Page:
Last Bridge Standing

By Marcia Faye

The next time you drive across the IL-104 River Bridge over the Illinois River in Meredosia, Illinois, thank Sasha Bajzek (CE ’11) for your safe passage. She designed the steel plate girders, steel details, joints, and bearings for the structure’s nine approach spans, each at 140 to 200 feet in length. Bajzek won her first bridge building competition at Tinley Park High School and then went on to win a first-place slot in the 2005 Chicago Regional Bridge Building Contest and first place overall in the International Bridge Building Contest, earning a half-tuition scholarship to attend Illinois Tech. [Read the story about the 2018 Chicago Bridge Building Contest on page 5.] Now a structural engineer with Parsons Corporation, Bajzek shared information about her winning student design and thoughts on why the contests remain relevant today:

Sasha Bajzek
Sasha Bajzek (CE ’11) adding weights to her entry in the 2005 International Bridge Building Contest.
Photo: Courtesy of Sasha Bajzek
Bridge Building Competition
The A-frame winning bridge
Photo: Courtesy of Sasha Bajzek
As a high school pontist, what interested you specifically about participating in a bridge building contest?
I love creating things and solving problems. We had to build a bridge for my physics class, and I was fascinated that something so light could hold so much weight. My winning bridge weighed about the same as four nickels but could hold more than 200 pounds. I can’t even come close to picking up 200 pounds! I wanted to learn more about the engineering behind it, and it became very addicting trying to get each bridge to hold more. My bridge was an A-frame design. I got the idea looking at one of the work benches in my parents’ basement. My winning bridge weighed 0.044 pounds and supported 207 pounds, for a total efficiency of 4,738.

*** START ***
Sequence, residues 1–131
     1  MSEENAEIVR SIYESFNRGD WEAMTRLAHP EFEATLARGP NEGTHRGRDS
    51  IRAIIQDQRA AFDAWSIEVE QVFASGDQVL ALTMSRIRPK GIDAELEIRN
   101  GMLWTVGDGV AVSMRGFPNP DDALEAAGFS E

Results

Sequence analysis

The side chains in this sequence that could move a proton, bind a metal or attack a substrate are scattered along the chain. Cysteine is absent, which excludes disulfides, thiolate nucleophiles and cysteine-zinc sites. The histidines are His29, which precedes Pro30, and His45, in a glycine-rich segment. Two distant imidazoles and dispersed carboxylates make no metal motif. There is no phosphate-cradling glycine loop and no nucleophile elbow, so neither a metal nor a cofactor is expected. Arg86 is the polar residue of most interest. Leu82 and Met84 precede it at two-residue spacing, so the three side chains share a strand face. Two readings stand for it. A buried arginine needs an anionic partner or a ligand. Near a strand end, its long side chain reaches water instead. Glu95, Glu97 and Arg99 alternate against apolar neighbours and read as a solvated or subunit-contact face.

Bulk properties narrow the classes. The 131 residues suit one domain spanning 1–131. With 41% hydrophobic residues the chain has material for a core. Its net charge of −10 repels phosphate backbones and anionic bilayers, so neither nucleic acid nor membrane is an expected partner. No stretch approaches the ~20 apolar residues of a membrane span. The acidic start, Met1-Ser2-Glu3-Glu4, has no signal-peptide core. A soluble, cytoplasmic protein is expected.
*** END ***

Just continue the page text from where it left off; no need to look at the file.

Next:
Did you learn something from participating in the contests that helped you in your career?
The thing I learned from the contests that has stuck with me the most in my career is tenacity. I built 20 test bridges to perfect my design, learning from each one what I could do to make my bridge stronger and lighter. I use that tenacity every day as an engineer. I work to make things as efficient as possible, which involves a lot of learning from mistakes and keeping at things until you achieve a great design.
Why does the contest continue to be relevant more than 40 years after its founding?
The contest teaches students about physics and engineering, which are present everywhere in the world. It takes learning about compression and tension in structural members out of textbook learning and into the physical world so students can better connect to the concepts. It also demonstrates the importance of iteration in engineering design with the best designs having been proven through many test runs.
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